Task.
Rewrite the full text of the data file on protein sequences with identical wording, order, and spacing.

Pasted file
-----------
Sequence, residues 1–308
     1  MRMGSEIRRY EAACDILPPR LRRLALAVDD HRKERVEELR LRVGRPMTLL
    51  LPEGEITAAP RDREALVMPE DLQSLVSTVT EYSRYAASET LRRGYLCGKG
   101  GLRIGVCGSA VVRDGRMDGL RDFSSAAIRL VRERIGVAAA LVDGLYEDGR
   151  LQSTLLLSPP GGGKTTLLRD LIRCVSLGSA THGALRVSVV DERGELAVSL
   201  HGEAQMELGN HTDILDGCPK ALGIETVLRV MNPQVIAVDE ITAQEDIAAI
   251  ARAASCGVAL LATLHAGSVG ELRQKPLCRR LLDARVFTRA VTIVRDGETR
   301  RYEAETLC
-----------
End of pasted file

Sequence, residues 1–308
     1  MRMGSEIRRY EAACDILPPR LRRLALAVDD HRKERVEELR LRVGRPMTLL
    51  LPEGEITAAP RDREALVMPE DLQSLVSTVT EYSRYAASET LRRGYLCGKG
   101  GLRIGVCGSA VVRDGRMDGL RDFSSAAIRL VRERIGVAAA LVDGLYEDGR
   151  LQSTLLLSPP GGGKTTLLRD LIRCVSLGSA THGALRVSVV DERGELAVSL
   201  HGEAQMELGN HTDILDGCPK ALGIETVLRV MNPQVIAVDE ITAQEDIAAI
   251  ARAASCGVAL LATLHAGSVG ELRQKPLCRR LLDARVFTRA VTIVRDGETR
   301  RYEAETLC